Opioid overdose remains a massive threat to the population, with tens of thousands of people dying yearly. This is why doctors working with patients experiencing opioid use disorder across the country continue to vouch for telehealth rules to remain flexible, especially ones about opioid addiction and use. Maximizing telehealth resources create a link between patients struggling with opioid use and the health they so desperately need.
Before the pandemic began in 2020, medical practitioners had the authority to prescribe certain drugs only after physically interacting with the patient. This included medications like methadone and buprenorphine, which were popularly known as opioid disorder medications. When the pandemic reached its climax, in-person visits to health facilities became limited and monitored. Most opioid patients would not get the help they required fast enough. To deal with this challenge, the existing laws were reconfigured to allow telehealth visits and prescriptions for controlled substances.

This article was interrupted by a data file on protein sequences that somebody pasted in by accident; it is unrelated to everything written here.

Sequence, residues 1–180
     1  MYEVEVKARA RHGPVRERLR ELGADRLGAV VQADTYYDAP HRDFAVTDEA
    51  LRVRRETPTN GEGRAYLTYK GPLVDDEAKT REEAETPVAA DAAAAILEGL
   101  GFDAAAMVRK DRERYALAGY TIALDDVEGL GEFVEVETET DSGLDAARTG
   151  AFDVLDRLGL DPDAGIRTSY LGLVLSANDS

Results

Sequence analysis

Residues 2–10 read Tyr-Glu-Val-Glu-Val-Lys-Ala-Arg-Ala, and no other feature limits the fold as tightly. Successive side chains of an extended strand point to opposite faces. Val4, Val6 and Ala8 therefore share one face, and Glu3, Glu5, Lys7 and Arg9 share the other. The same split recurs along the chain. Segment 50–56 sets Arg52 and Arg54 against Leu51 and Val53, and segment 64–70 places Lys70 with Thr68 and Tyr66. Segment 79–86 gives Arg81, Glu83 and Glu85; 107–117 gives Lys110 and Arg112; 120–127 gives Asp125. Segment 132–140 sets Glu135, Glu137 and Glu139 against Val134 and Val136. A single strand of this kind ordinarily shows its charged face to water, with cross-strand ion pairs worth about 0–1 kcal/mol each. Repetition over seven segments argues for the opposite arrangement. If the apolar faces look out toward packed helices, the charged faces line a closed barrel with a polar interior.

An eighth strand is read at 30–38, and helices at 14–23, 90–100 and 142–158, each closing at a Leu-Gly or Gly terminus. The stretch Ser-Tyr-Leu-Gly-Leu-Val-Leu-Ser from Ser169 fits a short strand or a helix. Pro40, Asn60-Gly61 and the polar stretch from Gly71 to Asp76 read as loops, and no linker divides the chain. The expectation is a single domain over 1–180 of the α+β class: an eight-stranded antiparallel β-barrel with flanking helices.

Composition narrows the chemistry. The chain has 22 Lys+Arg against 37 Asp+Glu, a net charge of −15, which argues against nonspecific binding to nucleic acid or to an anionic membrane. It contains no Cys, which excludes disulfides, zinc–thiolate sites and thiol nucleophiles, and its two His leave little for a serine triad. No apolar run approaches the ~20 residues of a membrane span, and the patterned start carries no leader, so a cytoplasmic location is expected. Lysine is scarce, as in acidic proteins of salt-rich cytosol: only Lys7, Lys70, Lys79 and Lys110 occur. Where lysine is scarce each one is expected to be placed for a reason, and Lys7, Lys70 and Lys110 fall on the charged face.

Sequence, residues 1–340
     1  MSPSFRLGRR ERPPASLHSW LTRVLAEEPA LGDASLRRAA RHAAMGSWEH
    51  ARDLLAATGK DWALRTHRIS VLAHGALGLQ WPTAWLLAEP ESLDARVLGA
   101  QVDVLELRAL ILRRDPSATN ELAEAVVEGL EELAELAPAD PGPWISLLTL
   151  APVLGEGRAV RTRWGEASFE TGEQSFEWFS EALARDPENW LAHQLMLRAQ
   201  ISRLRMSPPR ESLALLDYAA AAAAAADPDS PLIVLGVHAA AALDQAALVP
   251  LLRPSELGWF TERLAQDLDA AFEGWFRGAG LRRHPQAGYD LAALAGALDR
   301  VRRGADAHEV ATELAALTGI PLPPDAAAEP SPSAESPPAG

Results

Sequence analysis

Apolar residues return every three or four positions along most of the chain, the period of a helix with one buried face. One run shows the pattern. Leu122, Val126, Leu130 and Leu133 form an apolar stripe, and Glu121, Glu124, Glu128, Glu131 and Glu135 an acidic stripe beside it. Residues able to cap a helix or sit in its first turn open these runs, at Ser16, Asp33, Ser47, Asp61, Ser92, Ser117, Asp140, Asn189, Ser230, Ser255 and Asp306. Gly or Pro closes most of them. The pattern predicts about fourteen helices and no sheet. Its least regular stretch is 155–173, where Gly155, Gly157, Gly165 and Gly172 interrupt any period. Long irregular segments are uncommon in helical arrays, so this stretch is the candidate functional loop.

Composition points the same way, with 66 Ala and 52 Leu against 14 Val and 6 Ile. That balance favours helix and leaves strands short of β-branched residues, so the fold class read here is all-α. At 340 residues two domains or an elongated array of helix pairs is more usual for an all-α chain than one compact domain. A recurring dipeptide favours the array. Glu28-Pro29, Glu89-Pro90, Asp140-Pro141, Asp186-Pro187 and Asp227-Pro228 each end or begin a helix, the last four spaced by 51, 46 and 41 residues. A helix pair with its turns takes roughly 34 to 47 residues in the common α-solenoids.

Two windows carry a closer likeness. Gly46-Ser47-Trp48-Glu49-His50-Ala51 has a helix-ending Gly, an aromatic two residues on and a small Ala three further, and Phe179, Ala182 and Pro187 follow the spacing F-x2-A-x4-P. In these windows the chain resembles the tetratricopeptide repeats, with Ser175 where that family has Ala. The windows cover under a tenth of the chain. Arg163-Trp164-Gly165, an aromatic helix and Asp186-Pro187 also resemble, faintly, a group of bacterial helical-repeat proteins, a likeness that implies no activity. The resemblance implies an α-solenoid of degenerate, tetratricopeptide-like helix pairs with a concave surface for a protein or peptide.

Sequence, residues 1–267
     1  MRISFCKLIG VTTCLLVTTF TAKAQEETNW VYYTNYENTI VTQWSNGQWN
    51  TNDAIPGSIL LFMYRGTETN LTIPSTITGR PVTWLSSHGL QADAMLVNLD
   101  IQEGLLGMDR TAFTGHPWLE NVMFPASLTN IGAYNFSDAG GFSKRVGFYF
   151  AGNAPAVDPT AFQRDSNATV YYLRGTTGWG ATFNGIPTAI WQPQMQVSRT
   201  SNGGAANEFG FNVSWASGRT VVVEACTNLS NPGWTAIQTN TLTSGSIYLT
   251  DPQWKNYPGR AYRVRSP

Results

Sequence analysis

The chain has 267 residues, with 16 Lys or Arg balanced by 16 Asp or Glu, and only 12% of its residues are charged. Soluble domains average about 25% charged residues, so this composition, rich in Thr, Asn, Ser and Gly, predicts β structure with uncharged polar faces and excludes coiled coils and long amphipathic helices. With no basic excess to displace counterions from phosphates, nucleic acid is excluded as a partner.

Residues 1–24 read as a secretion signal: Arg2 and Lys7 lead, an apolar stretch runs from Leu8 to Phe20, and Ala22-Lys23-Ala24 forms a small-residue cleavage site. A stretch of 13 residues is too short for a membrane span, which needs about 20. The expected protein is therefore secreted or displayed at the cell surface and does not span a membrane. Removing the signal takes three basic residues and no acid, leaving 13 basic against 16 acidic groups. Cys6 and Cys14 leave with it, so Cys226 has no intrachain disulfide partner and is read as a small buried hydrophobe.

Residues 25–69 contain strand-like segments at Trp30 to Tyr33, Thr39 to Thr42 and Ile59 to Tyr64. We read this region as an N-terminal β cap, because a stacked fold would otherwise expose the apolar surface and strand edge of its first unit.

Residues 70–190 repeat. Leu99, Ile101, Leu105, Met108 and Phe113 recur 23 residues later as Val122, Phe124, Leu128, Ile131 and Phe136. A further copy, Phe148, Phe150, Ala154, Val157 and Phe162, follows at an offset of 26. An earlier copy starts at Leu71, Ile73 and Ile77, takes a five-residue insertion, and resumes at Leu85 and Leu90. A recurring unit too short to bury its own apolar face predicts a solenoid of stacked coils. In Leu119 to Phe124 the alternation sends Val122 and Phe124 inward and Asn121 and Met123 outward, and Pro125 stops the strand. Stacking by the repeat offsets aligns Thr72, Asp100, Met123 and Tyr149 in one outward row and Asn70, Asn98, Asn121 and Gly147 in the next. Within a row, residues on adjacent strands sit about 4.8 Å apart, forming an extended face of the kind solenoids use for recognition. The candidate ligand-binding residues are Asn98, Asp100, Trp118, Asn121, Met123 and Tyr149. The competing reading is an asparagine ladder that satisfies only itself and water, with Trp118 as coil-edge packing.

The simplistic nature of transaction using telehealth methods have made it easier to get help from far and wide. The issue remains the temporary nature of the rules surrounding controlled substance prescriptions. In a few months, when the government reverts to the physical visit rules, telehealth for opioid treatments becomes a thing of the past, and treatments become harder to fulfill. Because doctors will no longer be able to use video or online meetings to prescribe buprenorphine, the risk of opioid-related addictions ad deaths might increase again.
Doctors understand the risk tied to opioid usage. This is why they hope the government will maintain the current stance on telehealth and controlled drug prescriptions. After all, isn’t the essence of medicine to save lives? Allowing telehealth to continue functioning for buprenorphine and other controlled drugs should be a given.